‘SMRT has a lot more to learn about social media’

It took SMRT three train breakdowns and four days to create a social media account on Twitter.

Their initial Twitter description stated that updates are only posted during working hours, Mondays to Fridays from 9am to 6pm, excluding public holidays. Newsrooms have to wait for official statements, which usually take a much longer time, before they can release any information out to the public.

This seems rather unacceptable in today's fast-paced digital age, according to most social media experts.

In terms of social media, SMRT has been rather inadequate in disseminating information to the public with regards to the recent train delays and breakdowns. The train delay during Monday's evening peak hour along the North-East line is a quintessential example.

I was on board the northbound train at Raffles Place station, and the train was delayed. I whipped out my mobile phone, and started tweeting about the delay. It was 6.50 pm. But SMRT only updated their Twitter at 8.07 pm saying -- "Train svc is still running smoothly, despite a 9 min delay at Orchard northbound at 1846."

Apparently, it took them over an hour to update the public about the delay.

A more understandable time frame would be between 10 and 20 minutes after the delay first occurred, says Leonard Lim, who heads social media campaigns for corporate clients.

"I find it ludicrous that SMRT actually took 1hr 20mins to disseminate information to the public. They need to be as real-time as possible, and somewhere between 10 and 20 minutes is what should be expected of SMRT, especially in today's digital age," he said.

Kirsten Han, former deputy editor of socio-political blog The Online Citizen, told Yahoo! Singapore that while she sees value in SMRT having a Twitter account to put out official updates, it is important that SMRT works closely with the train commuters to spread information to the public to prevent more people from being affected.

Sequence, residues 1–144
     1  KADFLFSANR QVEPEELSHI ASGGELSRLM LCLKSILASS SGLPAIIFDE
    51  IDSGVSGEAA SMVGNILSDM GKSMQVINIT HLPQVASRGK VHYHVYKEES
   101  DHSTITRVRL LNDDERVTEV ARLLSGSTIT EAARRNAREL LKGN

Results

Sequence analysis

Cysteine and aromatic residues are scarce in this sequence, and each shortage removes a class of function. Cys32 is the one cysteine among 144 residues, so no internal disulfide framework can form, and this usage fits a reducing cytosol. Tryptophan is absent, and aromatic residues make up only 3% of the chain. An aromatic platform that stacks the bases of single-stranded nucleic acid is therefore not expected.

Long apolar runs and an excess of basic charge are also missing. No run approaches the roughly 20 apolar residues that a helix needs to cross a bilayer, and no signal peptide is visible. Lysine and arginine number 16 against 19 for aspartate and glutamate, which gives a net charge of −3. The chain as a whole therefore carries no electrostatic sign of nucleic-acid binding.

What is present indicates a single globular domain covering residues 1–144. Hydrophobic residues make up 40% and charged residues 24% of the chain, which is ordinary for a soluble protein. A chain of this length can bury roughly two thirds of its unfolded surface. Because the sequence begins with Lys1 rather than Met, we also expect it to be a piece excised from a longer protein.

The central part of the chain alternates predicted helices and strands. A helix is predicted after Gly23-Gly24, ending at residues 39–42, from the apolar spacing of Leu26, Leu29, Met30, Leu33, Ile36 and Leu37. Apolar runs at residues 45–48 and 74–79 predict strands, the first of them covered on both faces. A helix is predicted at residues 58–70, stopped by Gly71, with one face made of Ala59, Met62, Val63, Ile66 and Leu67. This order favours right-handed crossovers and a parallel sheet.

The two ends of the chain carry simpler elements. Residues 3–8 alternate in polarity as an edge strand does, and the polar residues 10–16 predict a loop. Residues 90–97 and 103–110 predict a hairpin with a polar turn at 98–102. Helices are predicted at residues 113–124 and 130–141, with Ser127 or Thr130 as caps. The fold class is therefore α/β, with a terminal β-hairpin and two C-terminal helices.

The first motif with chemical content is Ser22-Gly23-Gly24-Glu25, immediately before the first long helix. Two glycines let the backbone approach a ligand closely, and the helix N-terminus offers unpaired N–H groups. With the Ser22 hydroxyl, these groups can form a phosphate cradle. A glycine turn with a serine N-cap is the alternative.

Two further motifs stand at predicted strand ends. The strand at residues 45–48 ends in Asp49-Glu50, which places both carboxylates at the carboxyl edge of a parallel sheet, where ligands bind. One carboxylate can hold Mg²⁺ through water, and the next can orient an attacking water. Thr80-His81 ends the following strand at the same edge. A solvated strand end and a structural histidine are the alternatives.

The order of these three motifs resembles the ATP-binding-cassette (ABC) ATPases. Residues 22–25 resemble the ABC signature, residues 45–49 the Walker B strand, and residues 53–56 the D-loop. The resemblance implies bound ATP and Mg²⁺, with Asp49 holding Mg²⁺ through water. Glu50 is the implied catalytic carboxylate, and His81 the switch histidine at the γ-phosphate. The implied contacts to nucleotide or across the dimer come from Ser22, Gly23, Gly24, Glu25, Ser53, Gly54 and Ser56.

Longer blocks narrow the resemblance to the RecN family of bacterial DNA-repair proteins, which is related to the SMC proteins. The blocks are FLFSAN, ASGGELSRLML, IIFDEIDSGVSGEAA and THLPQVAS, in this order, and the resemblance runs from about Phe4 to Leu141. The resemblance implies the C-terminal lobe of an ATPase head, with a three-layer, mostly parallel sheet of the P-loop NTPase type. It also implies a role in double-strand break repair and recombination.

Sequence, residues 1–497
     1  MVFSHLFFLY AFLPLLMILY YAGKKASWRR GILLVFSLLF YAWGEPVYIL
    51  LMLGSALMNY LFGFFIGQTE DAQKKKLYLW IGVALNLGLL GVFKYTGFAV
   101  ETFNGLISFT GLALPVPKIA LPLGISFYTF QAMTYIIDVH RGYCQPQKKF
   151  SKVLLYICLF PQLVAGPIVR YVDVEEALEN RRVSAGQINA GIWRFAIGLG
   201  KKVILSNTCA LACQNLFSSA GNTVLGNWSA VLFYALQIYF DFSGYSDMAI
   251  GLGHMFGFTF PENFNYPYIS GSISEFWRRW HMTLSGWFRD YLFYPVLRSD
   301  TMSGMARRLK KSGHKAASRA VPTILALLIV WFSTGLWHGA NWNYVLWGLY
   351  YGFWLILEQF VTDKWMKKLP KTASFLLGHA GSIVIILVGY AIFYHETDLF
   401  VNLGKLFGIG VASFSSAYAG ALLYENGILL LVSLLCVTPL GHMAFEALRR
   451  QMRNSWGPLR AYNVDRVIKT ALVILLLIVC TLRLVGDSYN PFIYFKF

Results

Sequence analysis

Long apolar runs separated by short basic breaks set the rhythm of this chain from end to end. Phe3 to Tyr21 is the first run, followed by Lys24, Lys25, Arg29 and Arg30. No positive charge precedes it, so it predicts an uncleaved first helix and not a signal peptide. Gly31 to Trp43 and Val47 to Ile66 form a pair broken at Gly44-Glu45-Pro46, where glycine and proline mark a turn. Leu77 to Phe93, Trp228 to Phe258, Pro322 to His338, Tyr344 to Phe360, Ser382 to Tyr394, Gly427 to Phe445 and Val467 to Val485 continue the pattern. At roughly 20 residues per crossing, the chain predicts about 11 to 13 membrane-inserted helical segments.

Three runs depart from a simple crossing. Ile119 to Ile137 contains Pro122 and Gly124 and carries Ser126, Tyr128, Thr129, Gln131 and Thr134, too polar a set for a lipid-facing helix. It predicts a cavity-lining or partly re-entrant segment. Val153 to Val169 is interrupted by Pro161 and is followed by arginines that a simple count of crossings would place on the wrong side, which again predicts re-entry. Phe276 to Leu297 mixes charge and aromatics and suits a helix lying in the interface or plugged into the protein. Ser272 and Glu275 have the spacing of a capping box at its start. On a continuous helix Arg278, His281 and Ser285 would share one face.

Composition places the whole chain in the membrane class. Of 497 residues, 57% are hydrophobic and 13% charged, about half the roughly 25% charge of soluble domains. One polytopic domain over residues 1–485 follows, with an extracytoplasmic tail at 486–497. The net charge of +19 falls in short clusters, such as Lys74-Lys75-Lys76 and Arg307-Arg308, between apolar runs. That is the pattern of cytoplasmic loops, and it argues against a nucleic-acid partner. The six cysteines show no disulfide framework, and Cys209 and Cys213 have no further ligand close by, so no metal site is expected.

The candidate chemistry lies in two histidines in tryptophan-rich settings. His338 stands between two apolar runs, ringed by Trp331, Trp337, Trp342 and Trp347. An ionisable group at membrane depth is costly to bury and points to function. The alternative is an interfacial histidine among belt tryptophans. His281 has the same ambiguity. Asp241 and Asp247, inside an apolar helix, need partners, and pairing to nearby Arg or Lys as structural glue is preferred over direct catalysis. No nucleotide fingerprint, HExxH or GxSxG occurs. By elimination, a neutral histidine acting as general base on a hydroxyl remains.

"Some tweets out there, although well-meaning, might not necessarily be accurate so it's good for SMRT to have their own account to be a corroborating source. But instead of having this account to 'counter' other sources, they should work together with them and never underestimate the power of crowdsourcing," she said.

Besides providing instant updates to the public via social media platforms such as Facebook and Twitter, what SMRT can work on is to publish informative updates such as "retweeting" photos that show the situation on the ground. Another aspect which they could improve on is to search for tweets on Twitter regarding issues that affected train commuters are facing and reply them with updates.

DBS Bank and StarHub provide extensive customer support service on Twitter, and SMRT communications team can learn from them, though not exactly the same, advised Tan Pei Jun, another social media specialist.

Furthermore, the idea of having to wait for an official statement before broadcasters can report on it just makes the matter worse.

Last week, radio deejay Hossan Leong was "censured" for reading out a supposedly unverified tweet on air that said the Circle Line was down, instead of waiting for an official statement from the transport operator.

Channel NewsAsia posted a video on Facebook featuring behind the scenes of newscaster Timothy Go asking whether he could report the MRT breakdown on Thursday based on photos sent by his producer instead of waiting for the official statement.

Kirsten Han thinks that newscasters or radio deejays should be allowed to report on the MRT breakdowns based on reports on the ground rather than waiting for the statement from the transport operator.

"Radio DJs have been reporting on traffic conditions based on tips from listeners and on-site cameras for years without having to wait for official statements from LTA," she told Yahoo! Singapore.

"If a breakdown occurs, the main concern should be about getting the word out as quickly as possible so that people can start planning alternative routes, instead of continuing to stream into the MRT stations and getting stuck there," she added.

She also reiterated that the senior management of SMRT should never forget that they are first and foremost providing a public service, and that SMRT should relook its existing communications platforms and change them to suit today's digital world.

In an interview with reporters on Saturday, Prime Minister Lee Hsien Loong said that the generation of today demands real-time updates, and that SMRT will continue to improve its conventional commutation platforms to suit the needs.